Government memo crushes Cuomo’s defense in nursing home scandal

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Gov. Cuomo has repeatedly defended his administration’s directive for nursing homes to accept COVID-19 patients as the product of federal “guidance” — even though one of those government documents says only that infected seniors “can” be admitted to the facilities.

In contrast, the Health Department’s since-rescinded, March 25 memo left little wiggle room to prevent “medically stable” patients from being transferred out of hospitals to nursing homes.

“During this global health emergency, all NHs must comply with the expedited receipt of residents returning from hospitals to NHs,” the state directive said.

And if there was any doubt about what that meant, the following sentence was underlined: “No resident shall be denied re-admission or admission to the NH solely based on a confirmed or suspected diagnosis of COVID-19.”

But a March 13 memo from the US Center for Medicare and Medicaid Services — which the Health Department has cited as justification for its order — contains a Q&A on that very subject.

“When should a nursing home accept a resident who was diagnosed with COVID-19 from a hospital?” it says.

Cuomo front cover

“A nursing home can accept a resident diagnosed with COVID-19 and still under transmission-based Precautions for COVID-19 as long as the facility can follow CDC guidance for Transmission-Based Precautions. If a nursing home cannot, it must wait until these precautions are discontinued.”

The DOH directive — which cited an “urgent need to expand hospital capacity” — came under immediate fire from three health-care industry groups: AMDA-The Society for Post-Acute and Long-Term Medicine, the American Health Care Association and the National Center for Assisted Living. In a March 29 statement, the organizations said they were “deeply concerned” with the underlined portion of the order.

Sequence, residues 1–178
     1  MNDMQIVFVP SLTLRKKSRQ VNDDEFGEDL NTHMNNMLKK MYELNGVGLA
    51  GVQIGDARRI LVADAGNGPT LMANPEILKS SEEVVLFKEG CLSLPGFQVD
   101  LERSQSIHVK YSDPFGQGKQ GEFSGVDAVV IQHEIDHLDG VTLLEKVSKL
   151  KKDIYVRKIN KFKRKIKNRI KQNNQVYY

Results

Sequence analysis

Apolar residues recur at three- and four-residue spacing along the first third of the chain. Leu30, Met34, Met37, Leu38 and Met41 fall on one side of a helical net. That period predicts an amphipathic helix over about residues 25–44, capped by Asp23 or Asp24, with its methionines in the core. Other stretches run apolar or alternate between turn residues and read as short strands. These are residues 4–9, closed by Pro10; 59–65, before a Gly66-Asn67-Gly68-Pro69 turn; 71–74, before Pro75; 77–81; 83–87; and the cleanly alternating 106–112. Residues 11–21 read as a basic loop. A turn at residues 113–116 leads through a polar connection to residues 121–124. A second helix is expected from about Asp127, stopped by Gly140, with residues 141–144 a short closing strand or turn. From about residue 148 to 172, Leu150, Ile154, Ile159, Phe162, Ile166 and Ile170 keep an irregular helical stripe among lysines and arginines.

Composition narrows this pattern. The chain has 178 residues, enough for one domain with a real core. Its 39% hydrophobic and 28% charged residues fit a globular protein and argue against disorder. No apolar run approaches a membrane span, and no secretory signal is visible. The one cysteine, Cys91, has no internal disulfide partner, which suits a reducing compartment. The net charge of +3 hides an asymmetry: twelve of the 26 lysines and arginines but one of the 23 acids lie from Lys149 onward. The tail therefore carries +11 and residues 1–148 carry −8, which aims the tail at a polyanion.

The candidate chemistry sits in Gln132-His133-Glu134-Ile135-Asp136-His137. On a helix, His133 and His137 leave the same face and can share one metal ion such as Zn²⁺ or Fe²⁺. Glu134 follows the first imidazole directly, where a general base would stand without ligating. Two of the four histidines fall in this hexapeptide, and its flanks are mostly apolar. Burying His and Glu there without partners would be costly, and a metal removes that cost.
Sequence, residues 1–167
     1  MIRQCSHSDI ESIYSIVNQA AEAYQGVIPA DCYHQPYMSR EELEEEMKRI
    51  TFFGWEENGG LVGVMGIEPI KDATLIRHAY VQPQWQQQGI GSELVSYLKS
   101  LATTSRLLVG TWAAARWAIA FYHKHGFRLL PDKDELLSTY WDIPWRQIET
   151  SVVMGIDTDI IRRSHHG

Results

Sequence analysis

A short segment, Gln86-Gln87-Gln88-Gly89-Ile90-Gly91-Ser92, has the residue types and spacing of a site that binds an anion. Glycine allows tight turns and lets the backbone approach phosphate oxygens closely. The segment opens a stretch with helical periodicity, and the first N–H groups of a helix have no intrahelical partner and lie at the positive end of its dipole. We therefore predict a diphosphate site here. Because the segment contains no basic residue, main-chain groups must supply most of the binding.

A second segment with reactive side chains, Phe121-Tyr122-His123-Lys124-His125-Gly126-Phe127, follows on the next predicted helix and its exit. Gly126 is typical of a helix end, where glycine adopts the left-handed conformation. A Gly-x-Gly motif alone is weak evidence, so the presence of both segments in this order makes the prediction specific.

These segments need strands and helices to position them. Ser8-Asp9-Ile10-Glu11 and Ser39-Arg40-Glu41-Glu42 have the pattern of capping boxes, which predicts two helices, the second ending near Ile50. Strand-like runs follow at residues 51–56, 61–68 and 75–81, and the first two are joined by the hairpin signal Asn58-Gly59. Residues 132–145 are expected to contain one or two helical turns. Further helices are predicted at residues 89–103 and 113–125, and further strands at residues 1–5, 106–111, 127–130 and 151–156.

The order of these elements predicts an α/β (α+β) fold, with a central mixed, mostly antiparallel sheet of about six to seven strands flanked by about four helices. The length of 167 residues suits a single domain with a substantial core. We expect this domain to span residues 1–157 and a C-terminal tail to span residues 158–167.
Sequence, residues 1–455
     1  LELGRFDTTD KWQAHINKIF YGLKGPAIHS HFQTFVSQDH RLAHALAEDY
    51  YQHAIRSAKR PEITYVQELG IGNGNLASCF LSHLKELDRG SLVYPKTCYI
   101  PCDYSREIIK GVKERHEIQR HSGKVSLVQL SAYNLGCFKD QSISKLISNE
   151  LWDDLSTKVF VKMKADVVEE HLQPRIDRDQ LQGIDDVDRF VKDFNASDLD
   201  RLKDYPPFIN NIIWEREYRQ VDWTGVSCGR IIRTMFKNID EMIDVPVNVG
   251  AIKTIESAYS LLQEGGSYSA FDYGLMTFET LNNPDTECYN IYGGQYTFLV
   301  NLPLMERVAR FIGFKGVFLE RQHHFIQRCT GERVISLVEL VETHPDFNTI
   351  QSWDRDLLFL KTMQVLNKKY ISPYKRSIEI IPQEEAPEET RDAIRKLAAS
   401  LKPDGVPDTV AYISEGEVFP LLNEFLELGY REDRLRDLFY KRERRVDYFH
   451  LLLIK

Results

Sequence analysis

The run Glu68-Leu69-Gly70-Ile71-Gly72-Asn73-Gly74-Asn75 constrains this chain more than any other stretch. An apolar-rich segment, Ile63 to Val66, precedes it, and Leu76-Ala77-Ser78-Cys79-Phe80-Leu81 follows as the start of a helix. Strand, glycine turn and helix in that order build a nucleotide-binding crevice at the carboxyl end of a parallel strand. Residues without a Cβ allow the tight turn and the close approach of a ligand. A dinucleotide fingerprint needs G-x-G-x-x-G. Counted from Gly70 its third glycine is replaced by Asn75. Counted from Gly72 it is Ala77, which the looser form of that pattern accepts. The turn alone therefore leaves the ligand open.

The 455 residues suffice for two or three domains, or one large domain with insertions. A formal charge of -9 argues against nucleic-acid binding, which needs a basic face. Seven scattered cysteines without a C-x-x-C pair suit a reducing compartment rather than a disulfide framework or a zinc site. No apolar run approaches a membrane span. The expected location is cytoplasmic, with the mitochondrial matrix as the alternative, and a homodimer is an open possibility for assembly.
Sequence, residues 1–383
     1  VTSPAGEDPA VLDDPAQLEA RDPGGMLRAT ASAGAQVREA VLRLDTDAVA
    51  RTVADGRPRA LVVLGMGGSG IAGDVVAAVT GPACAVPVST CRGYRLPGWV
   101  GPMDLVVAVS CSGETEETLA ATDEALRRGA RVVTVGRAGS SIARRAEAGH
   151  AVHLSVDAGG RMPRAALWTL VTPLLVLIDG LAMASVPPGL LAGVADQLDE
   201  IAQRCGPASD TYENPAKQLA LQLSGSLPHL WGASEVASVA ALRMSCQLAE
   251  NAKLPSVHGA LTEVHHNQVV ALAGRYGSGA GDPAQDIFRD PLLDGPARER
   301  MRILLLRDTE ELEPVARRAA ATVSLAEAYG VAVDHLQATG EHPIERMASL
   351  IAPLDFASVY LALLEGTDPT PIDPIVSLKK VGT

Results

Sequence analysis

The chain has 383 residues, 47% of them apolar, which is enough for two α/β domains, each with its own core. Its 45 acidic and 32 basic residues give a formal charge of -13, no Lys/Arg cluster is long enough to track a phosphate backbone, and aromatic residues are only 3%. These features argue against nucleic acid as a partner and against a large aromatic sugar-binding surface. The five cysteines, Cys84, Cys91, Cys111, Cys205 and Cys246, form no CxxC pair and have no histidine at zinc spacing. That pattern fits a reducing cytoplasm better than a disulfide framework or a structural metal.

“This is a short-term and short-sighted solution that will only add to the surge in COVID-19 patients that require hospital care,” they said.

A former federal Health and Human Services official also told The Post that it was a potential recipe for disaster.

“[Cuomo] made this blanket requirement and some nursing homes may have not been prepared to have these patients and may have caused cross-contamination,” the ex-official said.

And on Thursday, a draft report by the Empire Center for Public Policy tied “several hundred and possibly more than 1,000” nursing home deaths to the March 25 directive, which it said is “associated with more than one in six of 5,780 nursing home deaths statewide be-tween late March and early May.”

A day earlier, Cuomo vehemently defended the policy, saying, “My health experts don’t believe it was wrong” and that if they did, “I would sue the federal government for malpractice.”

He stood by the policy again Friday, but at neither time ex-plained why he rescinded it under fire on May 10 and instead ordered that anyone being admitted to a nursing home had to first test negative for the coronavirus.

Health Commissioner Howard Zucker, who issued the March 25 directive, cited the March 13 Center for Medicare and Medicaid Services guidance during Friday’s news conference.

He inexplicably quoted a portion that says, “Nursing homes should admit any individuals that they would normally admit to their facility, including individuals from hospitals where a case of COV-ID-19 was/is present.” Zucker went on to refer to the part that says nursing homes “can” accept infected patients, noting that the need to follow “transmission-based precautions” was “very important.”

Zucker further read aloud from a March 23 guidance from the US Centers for Disease Control and Prevention, saying, “The COVID-19 patients from hospitals should go to the facility with the ability to adhere to infection prevention and control recommendations for care of COVID-19 patients.”

“Preferably patients would be placed at a facility that has al-ready cared for COVID-19 cases,” he added.

Zucker noted that when he issued his order, the state was “running out of ICU space” because hospitalizations were “doubling every three days.”

“With the facts that we had at that moment in time, it was the correct decision at that moment in time,” he said.

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